To showcase its commitment to security and to celebrate the 10th anniversary of Trustworthy Computing, Microsoft wanted to create a graphical timeline of its security contributions over the past decade. Redtech developed an infographic, a visual representation that provides an overview of ten years of Microsoft’s technological and social involvement in computing security. Redtech based its design on the clean and modern Microsoft Metro design language. The infographic was so well received that Microsoft created an online version of the image for its Trustworthy Computing website. Microsoft also used the graphic to “wrap” the walls of its booth at the 2012 RSA Conference, and gave away a large-format poster of the timeline to attendees.
Microsoft Trustworthy Computing focuses on providing secure and reliable computing experiences to customers and to making the Internet a safer place. Microsoft has spearheaded numerous security initiatives and campaigns, issued many code enhancements and software updates, and embarked on security collaborations with researchers, law enforcement, industry organizations, and vendors. To celebrate the 10-year anniversary of Trustworthy Computing, Microsoft wanted to create a graphical timeline that encompassed all of its past security endeavors. The challenge was to condense and coalesce major time periods and minute detail into a single, easy-to-understand graphic.
To be effective, the graphic had to clearly delineate time periods that spanned two to four years, and also clearly articulate detailed information on topics such as the evolution of computer security issues, major viruses and attacks, and security collaboration within the industry—at a glance.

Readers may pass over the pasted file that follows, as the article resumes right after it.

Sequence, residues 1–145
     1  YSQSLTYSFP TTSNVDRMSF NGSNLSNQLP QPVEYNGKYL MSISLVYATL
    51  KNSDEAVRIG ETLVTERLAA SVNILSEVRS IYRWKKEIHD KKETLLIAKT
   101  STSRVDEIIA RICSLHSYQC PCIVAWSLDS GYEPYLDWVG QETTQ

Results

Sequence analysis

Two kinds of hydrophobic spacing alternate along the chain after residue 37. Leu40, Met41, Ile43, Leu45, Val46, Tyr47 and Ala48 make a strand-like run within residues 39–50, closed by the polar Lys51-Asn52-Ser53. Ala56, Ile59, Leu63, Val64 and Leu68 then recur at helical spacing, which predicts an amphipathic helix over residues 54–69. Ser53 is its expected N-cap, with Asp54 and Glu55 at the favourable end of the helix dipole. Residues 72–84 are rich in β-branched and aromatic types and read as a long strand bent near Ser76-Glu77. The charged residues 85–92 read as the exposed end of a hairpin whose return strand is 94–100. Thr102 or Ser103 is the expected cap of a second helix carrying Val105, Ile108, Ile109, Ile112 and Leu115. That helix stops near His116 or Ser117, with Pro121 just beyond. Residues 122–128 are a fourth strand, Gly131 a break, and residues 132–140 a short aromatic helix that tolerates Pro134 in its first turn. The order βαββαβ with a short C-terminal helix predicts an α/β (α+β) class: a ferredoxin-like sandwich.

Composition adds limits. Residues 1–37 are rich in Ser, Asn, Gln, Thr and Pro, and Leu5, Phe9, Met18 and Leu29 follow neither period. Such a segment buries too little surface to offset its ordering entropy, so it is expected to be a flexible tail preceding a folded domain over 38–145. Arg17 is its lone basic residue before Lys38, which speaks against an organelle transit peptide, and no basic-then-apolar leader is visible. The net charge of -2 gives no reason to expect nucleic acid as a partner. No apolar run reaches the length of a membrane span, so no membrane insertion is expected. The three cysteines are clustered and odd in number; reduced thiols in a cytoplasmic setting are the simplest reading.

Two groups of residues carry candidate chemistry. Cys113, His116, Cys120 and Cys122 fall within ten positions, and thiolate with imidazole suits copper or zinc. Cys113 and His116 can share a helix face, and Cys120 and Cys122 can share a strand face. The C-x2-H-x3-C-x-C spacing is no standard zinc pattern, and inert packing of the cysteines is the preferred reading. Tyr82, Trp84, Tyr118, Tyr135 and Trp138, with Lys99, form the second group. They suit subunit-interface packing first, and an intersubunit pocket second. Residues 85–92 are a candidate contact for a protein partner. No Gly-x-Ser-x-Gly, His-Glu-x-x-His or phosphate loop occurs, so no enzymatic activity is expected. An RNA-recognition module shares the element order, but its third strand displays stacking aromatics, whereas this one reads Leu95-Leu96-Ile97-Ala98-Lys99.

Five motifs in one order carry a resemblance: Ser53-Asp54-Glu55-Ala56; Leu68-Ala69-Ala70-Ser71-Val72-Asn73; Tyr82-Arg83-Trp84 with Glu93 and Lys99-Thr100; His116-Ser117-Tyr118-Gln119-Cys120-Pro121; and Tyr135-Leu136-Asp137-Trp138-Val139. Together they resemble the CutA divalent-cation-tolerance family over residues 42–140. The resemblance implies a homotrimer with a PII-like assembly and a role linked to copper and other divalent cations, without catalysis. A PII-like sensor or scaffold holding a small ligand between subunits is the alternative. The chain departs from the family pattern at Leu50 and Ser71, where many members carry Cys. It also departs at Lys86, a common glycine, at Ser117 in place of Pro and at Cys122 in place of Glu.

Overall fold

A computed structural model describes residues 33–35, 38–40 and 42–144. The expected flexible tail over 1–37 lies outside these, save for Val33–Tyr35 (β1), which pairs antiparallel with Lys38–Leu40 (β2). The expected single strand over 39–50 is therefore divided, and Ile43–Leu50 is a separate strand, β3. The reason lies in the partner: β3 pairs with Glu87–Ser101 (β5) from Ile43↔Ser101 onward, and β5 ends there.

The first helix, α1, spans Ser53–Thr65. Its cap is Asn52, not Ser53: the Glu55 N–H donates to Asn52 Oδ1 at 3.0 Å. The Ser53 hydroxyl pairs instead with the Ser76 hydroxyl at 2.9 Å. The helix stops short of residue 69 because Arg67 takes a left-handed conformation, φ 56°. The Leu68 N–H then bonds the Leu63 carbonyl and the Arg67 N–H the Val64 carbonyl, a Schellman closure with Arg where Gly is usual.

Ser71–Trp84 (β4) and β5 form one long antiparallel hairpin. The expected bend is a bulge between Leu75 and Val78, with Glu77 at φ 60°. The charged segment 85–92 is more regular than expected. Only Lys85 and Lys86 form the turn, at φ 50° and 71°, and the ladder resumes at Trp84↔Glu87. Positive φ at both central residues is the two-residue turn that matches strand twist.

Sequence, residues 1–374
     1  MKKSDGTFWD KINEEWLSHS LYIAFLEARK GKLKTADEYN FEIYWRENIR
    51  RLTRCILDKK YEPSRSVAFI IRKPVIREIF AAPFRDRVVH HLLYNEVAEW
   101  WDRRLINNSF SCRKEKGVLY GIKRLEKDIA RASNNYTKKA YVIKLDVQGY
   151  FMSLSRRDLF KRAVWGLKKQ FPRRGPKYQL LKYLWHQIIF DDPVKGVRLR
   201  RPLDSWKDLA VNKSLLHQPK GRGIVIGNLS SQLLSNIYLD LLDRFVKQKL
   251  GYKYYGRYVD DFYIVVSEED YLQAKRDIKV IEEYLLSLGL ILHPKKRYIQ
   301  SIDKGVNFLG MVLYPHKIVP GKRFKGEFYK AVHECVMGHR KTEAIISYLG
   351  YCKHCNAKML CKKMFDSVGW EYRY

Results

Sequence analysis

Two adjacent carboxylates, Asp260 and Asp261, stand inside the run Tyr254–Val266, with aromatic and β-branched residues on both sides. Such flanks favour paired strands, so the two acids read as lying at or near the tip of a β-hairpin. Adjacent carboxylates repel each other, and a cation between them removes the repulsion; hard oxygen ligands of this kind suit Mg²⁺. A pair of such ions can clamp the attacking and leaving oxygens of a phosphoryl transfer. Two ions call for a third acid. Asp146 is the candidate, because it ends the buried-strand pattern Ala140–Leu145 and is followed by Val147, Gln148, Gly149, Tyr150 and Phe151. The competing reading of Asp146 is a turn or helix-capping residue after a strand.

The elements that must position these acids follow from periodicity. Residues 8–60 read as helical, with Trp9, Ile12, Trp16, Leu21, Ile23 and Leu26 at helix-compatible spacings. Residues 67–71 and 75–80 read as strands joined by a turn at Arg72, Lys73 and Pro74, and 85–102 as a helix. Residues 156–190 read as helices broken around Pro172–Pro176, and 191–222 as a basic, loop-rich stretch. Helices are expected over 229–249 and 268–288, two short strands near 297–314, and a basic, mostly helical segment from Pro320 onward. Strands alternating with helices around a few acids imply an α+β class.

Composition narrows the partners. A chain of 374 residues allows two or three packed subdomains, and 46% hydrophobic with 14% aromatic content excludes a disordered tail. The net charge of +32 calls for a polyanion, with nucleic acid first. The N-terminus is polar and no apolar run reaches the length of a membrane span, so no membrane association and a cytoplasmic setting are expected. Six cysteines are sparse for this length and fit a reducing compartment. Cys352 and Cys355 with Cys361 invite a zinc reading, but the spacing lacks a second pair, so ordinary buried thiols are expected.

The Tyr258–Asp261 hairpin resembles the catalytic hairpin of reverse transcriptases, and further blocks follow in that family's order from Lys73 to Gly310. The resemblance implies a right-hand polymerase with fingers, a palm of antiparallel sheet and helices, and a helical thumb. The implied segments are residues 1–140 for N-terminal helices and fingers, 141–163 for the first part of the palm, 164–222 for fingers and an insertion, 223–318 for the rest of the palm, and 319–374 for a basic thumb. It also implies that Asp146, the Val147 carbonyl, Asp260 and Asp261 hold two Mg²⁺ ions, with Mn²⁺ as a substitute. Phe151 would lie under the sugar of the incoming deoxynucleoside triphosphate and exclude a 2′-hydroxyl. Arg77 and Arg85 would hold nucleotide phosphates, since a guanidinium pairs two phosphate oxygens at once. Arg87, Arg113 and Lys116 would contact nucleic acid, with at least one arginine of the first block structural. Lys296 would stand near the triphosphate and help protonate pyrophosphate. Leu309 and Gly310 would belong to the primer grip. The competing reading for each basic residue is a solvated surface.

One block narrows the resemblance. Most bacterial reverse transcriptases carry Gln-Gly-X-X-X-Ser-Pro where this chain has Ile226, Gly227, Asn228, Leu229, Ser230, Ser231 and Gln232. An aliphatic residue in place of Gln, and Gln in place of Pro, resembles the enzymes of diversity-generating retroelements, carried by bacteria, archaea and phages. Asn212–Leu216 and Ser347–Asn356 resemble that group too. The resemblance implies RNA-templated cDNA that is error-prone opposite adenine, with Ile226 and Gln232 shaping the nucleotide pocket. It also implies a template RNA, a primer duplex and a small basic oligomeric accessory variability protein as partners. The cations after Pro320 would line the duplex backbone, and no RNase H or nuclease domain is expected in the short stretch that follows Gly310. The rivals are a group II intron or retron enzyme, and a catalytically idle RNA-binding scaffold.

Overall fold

Our designers envisioned a static image that was also an interactive experience: readers would view the big blocks of time first and then refer to detailed sections to learn more about the history and details of each time period.
We proposed using the new Microsoft Metro design language, to achieve a cleaner look and clearer distinction so that viewers could quickly scan the image. Even though it was a new look-and-feel to which most viewers would not yet be accustomed, our design team felt that Metro was the best choice for the situation because it has less gradation than previous Microsoft design schemes, and is more representational than realistic. We presented the design comp to the Microsoft Trustworthy Computing team, who found the progressive, modern design to be just what the subject matter needed to reach its audience.
The graphic in the Metro design was so successful that Microsoft created an online version and featured it on the Microsoft Trustworthy Computing website. Microsoft also translated the graphic into a booth design for its presence at the 2012 RSA Conference at Moscone Center in San Francisco, and created a large-format poster version as a giveaway item. The design wrapped the booth walls, creating a life-size interactive experience for conference attendees, and the poster was also a hit. The design was so engaging that without any intervention from booth staff, attendees stopped to explore the timeline. It was truly a “sticky” educational experience that brought about great connection between attendees and Microsoft, and encouraged them to learn more about Microsoft’s security efforts.